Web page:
Dementia: through the eyes of women

Joseph Rowntree Foundation, November 2015

This Joseph Rowntree Foundation project aimed to inspire people to think differently about women and dementia by using stories and reflections from individual women to inform the debate in a unique, inspiring and insightful way.

Click here to learn more about the project and to download the report.

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Petals – FGM APP launched at Coventry University

Coventry University – July 2015

Researchers from the Centre for Communities and Social Justice (CCSJ) at Coventry University have created a new app, endorsed by the National Society for the Prevention of Cruelty to Children (NSPCC), to help protect young girls and women from female genital mutilation (FGM).

The app, which works across most smartphones, tablets and laptops via an internet browser, is aimed primarily at young girls living in affected communities and at risk from FGM. But it can also be used as an educational tool to teach young people and others the facts and realities of FGM.

Click here to more information and to view the website/app.

Having a smear test: What is it about?

Jo’s Cervical Cancer Trust, June 2015

Jo’s Cervical Cancer Trust is the only UK charity dedicated to women and their families affected by cervical cancer and cervical abnormalities. They have produced a range of materials and resources around smear tests.  This includes an easy-read booklet which explains what a smear test is, the terminology and what will happen and is suitable for people with a learning disability.  The booklet and other resources can be downloaded for free.

Click here to access the booklet and resources.

The Smear Test Film – for women with mild or moderate learning disabilities

Jo’s Cervical Cancer Trust, June 2015

‘The Smear Test Film’ is a health education film resource for women eligible for cervical screening (smear tests) who have mild and moderate learning disabilities. It has been made by Public Health England in association with Jo’s Cervical Cancer Trust. Professional guidance and support in the development of this resource was provided by the Better Health Team for Learning Disabilities at Somerset Partnership NHS Foundation Trust.

The film has been designed and made by women who have learning disabilities. It aims to give women and their carers information about smear tests and their role in preventing cervical cancer. It is a resource that can help women make a decision about whether to attend their smear test invitation.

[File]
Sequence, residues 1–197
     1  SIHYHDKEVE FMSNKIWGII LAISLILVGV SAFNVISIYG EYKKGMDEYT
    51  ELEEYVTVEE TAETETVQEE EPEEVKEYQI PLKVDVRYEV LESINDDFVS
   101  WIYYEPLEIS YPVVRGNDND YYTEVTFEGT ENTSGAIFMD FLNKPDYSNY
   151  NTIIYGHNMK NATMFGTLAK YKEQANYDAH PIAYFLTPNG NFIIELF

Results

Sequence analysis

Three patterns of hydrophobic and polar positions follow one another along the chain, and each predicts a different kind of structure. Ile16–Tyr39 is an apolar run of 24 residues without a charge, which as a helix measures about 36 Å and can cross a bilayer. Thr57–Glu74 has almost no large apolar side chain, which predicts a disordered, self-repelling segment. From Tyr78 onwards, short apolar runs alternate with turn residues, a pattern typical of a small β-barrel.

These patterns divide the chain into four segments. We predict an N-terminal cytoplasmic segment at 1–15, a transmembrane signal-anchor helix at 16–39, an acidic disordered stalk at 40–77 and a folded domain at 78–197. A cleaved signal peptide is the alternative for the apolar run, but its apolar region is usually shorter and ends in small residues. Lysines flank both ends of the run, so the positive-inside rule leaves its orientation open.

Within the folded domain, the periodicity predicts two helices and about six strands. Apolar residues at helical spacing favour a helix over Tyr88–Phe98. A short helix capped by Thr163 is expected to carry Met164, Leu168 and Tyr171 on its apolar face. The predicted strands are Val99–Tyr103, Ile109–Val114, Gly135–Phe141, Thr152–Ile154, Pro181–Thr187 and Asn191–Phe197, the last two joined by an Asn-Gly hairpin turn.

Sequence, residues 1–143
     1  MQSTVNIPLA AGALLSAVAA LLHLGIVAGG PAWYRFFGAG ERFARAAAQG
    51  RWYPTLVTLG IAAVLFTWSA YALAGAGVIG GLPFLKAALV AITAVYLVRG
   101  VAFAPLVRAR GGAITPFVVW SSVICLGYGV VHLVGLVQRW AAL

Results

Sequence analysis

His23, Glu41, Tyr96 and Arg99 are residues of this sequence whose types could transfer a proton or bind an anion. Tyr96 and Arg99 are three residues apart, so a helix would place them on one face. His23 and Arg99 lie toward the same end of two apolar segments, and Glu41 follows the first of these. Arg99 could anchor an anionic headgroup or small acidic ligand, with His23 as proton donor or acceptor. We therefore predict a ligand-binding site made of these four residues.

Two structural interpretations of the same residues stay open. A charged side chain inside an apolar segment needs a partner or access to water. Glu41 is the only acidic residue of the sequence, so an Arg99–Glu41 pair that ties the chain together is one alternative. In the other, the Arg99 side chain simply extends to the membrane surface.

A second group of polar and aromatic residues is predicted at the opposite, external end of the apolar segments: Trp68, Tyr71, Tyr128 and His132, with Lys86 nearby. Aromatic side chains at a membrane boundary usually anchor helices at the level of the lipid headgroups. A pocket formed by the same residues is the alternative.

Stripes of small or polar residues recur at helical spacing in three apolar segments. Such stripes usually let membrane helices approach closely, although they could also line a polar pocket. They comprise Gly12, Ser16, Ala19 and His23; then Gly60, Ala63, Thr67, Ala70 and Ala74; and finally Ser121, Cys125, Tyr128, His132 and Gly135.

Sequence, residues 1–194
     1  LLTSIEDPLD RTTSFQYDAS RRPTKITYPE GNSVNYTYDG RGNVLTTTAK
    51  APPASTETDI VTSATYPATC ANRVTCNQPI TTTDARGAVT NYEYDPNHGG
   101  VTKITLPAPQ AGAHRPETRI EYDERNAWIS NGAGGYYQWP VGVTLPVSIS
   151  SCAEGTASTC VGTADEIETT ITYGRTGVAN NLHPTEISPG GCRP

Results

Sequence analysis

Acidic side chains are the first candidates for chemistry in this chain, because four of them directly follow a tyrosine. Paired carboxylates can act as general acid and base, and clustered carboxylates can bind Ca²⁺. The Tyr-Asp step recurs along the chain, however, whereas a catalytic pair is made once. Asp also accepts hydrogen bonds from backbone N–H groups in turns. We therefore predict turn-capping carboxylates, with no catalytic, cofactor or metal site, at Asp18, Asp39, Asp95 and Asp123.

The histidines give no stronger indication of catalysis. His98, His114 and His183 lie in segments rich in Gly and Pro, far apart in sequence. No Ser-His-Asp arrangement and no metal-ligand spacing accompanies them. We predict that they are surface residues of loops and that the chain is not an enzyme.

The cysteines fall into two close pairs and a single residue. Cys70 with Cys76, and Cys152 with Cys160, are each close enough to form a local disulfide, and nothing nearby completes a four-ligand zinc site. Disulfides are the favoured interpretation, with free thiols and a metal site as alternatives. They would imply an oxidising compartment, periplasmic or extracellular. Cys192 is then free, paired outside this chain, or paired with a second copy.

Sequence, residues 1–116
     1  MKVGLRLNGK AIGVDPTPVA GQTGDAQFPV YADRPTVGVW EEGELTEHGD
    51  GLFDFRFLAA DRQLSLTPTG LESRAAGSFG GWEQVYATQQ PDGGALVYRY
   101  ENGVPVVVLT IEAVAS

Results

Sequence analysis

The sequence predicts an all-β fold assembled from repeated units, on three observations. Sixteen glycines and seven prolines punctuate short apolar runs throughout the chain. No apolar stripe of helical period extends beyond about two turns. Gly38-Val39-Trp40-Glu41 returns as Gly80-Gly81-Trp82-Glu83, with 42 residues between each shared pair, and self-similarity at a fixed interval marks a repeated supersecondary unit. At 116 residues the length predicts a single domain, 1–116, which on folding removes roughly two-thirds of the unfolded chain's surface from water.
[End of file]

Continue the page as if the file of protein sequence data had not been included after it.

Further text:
Click here to access the film.

Women and Dementia: A global research overview

Alzheimer’s Disease International, June 2015

Women and Dementia: A global research review provides an overview of international research from all over the world, highlighting the need for a broader, evidence based approach to female-targeted dementia health programmes in low and middle income countries, where female-led family caring remains the predominant care model.  The report also highlights the experiences of female caregiving in high income countries, and calls on policy makers to integrate better support systems for LGBTI females.

Click here for further information and to download the report.

Antenatal and postnatal mental health: clinical management and service guidance

NICE, December 2014

NICE have updated the guidance on antenatal and postnatal mental health making recommendations for the recognition, assessment, care and treatment of mental health problems in women during pregnancy and up to 1 year after childbirth, and in women who are planning a pregnancy.

The guidance recommends discussing with all women of childbearing potential who have a new, existing or past mental health problem, the use of contraception and any plans for a pregnancy.  Health professionals should discuss how pregnancy and childbirth might affect a mental health problem, including the risk of relapse, as well as how a mental health problem and its treatment might affect the woman, the fetus and baby, and parenting.

Click here to view the guidance.

Shocking failure to fully address mental health problems in pregnancy and following childbirth costs over £8 billion, report finds

Centre for Mental Health, 20 October 2014

Perinatal mental health problems carry a total economic and social long-term cost to society of about £8.1 billion for each one-year cohort of births in the UK, according to a new report, The costs of perinatal mental health problems, released today by the London School of Economics and Centre for Mental Health.  However the report also finds that the NHS would need to spend just £337 million a year to bring perinatal mental health care up to the level recommended in national guidance.

Click here for further information and to download the report.